8 - And he moved from there to the mountain east of Bethel, and he stretched out his tent [with] Bethel on the west and Ai on the east; and there he built an altar to Yahweh and called upon the name Yahweh.

He’s worshiping the Lord as he goes. Abram senses His leadership and guidance and gives praise to Yahweh as his Leader and Guide.

9 - And Abram pulled up stakes, going steadily on toward the south.

10 - And there became a famine in the land; and Abram went down to Egypt to sojourn there, because the famine was oppressive in the land.

Before he knew it, Abram and company were in the midst of famine. Not having enough to eat can take its toll after a while. The more people that are involved, the more critical it seems and the more conscientious one becomes regarding the personal welfare of the others. How strange it must appear to the average onlooker how Yahweh provided when it seemed as if supply were not an issue. Now however, when it appears as if they will suffer for lack, Abram does what would appear to be the unthinkable based on verses seven and eight. He moves on in an effort to what may well appear to be an effort to provide for those of his entourage. I can’t prove it, but it could be that Sarai and Lot are the main culprits influencing Abram’s decision to pull up stakes and head for Egypt.

Although the Bible doesn’t say so, it is possible that this decision was reached in part because of the complaining of his wife and nephew, who had never been accustomed to hardship and whose faith was not yet as strong as that of Abram.2

11 - And it came about when he had come near to Egypt, that he said to Sarai his wife, “Behold, now, I know fully well that you are a woman beautiful in appearance.

The Hebrew verb for “know” is in the perfect tense. Abram was stating the obvious to himself…and others. This situation begins to get a bit sticky for Abram, so he has some quick thinking to do, or so he believes.

12 - “So it shall be that when the Egyptians shall see you, that they shall say, ‘This is his wife,’ and they will kill me, but they will let you live.

13 - “Please say that you are my sister in order that it may be well with me for your sake and that my soul shall live on account of you.”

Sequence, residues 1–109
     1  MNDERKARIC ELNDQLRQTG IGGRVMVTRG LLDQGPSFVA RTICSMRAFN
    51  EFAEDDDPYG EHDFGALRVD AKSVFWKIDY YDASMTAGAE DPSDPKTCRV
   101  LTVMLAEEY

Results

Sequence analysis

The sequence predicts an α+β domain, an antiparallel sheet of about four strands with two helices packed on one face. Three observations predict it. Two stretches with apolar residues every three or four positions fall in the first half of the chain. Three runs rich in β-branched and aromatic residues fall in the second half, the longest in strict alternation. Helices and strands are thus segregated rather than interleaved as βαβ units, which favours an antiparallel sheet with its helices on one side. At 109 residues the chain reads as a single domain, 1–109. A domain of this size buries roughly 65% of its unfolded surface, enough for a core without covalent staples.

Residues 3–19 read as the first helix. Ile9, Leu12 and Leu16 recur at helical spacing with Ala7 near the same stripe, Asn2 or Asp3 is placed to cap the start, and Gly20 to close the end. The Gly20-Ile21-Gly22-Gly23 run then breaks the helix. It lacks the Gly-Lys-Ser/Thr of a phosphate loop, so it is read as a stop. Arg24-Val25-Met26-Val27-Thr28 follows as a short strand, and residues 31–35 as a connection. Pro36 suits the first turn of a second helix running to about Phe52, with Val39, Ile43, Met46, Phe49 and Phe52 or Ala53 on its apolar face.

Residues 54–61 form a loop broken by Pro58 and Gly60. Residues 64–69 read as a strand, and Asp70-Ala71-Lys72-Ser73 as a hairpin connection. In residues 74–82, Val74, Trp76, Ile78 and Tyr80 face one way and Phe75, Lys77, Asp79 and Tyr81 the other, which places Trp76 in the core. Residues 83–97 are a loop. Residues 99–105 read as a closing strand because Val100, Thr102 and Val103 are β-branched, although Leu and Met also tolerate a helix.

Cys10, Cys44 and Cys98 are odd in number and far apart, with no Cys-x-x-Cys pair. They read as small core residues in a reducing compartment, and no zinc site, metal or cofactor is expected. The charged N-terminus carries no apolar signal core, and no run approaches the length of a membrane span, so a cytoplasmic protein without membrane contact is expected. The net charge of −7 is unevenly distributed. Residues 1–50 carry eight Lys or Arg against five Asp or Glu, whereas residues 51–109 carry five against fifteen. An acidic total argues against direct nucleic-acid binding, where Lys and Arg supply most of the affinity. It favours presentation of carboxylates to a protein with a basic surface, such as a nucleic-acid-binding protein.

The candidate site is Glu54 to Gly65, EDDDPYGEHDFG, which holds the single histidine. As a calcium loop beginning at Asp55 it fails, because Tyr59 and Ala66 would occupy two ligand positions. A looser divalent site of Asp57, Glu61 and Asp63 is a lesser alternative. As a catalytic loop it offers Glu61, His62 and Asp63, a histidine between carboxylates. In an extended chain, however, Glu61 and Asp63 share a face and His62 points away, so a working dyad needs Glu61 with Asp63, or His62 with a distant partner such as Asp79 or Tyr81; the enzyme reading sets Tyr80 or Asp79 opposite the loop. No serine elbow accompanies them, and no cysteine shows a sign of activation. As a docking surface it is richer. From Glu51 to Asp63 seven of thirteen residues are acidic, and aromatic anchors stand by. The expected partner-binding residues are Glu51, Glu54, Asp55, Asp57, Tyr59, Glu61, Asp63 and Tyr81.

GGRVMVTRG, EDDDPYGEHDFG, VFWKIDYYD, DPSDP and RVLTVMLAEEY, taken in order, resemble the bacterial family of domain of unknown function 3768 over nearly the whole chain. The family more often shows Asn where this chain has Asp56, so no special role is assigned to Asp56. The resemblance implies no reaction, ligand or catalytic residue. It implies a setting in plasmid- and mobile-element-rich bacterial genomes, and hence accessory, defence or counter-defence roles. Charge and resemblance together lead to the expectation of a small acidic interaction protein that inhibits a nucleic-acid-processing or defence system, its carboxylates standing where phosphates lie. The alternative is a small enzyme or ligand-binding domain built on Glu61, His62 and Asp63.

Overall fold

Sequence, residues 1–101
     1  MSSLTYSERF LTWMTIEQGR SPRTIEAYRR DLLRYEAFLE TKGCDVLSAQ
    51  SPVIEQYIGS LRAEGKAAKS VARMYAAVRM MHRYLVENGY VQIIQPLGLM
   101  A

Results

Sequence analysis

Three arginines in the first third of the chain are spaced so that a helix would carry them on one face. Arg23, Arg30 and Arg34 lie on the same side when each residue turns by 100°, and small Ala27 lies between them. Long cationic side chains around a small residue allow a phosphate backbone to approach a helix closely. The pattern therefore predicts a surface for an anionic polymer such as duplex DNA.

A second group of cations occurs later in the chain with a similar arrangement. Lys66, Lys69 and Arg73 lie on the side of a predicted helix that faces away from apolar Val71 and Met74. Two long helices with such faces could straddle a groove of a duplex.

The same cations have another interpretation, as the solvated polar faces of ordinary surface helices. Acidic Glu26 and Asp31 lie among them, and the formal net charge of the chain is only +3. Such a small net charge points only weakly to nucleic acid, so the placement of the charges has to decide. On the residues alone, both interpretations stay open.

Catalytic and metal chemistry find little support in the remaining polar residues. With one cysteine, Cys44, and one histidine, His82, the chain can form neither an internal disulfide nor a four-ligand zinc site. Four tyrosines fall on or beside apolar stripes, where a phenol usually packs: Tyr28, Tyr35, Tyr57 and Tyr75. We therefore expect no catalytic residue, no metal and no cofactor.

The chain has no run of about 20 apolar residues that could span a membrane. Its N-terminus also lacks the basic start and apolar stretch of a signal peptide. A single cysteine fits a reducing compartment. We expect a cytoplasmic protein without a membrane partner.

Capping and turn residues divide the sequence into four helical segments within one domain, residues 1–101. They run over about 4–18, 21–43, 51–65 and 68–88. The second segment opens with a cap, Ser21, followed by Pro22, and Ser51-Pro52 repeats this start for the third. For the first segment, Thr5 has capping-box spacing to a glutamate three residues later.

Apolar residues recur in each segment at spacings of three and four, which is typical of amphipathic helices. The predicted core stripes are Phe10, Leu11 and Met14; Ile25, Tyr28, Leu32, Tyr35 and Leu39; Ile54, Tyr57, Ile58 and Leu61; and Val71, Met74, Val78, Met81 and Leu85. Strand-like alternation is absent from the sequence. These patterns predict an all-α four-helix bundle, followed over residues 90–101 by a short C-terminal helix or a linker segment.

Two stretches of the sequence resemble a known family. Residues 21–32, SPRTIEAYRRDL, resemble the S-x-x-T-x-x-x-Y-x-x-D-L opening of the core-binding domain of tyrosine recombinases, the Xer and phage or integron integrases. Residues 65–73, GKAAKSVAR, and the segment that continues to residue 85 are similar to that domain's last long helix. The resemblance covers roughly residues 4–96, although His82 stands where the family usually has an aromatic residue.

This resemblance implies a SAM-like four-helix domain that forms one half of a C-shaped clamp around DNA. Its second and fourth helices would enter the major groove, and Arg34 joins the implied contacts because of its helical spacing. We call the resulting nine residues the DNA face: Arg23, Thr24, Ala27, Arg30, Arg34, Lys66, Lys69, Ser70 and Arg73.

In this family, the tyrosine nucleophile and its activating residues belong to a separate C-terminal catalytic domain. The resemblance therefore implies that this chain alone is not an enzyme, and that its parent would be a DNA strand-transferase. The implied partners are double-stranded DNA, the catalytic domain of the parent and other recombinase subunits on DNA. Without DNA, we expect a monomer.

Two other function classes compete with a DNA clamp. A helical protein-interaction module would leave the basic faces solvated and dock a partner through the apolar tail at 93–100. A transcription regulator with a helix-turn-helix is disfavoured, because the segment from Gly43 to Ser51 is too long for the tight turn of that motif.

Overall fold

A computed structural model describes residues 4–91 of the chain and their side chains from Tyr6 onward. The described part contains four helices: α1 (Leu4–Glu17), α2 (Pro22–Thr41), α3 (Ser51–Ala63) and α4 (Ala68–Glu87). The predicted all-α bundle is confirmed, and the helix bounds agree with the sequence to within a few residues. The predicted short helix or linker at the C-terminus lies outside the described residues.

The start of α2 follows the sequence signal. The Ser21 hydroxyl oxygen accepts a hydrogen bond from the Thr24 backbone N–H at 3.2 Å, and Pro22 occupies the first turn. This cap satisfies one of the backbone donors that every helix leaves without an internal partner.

In either case the outcome won’t be great for Sarai, but if she tells them she’s his sister then things will be all right for him. Hmmm…. If we consider this further, that is, if we carry this out this scenario to its logical conclusion, he believes the Egyptians will have their way with her no matter what. If he lives, however, he possibly gets to be a first-hand observer as to their treatment of her. Which would be worse? Would it be death or having to endure the sight of Sarai’s mistreatment? No matter how this winds up, at this point they both have to be sorry they ever decided to head for Egypt.

14 - And it came to be as Abram had come into Egypt , the Egyptians saw the woman that she was very beautiful.

15 - And the officials of Pharaoh also saw her, and praised her before Pharaoh; and the woman was taken into the house of Pharaoh.

This verse features the Bible’s first use of the Hebrew verb hallal, meaning “to praise.” You’re probably more familiar with this verb by way of the word hallelujah, which means “[you] praise God.” She didn’t just fall into the hands of the everyday ordinary Egyptian. She was “praised” before Pharaoh himself by his emissaries who were no doubt keeping tabs on strangers wandering into the land unexpectedly. In other words Sarai had “hit the big time.”

16 - And he did well to Abram for her sake; and he had for himself sheep, and cattle, and male donkeys, and menservants, and maidservants, and camels.

It wound up being better than Abram thought it would…at least in the beginning. Let’s go on to see what happens from there.

17 - Then Yahweh struck Pharaoh and his house with great plagues with reference to Sarai, wife of Abram.

You either love it or hate it when Yahweh becomes supernaturally involved in a matter. Both Pharaoh and Abram were not faring so well as a direct result of God’s judgment.

18 - Then Pharaoh called for Abram and said, “What is this you have done to me? Why did you not declare to me that she was your wife?

19 - “Why did you say, ‘She is my sister’, so that I might have taken her to me to [be my] wife? And now, behold, your wife! You are to take [her] and go.”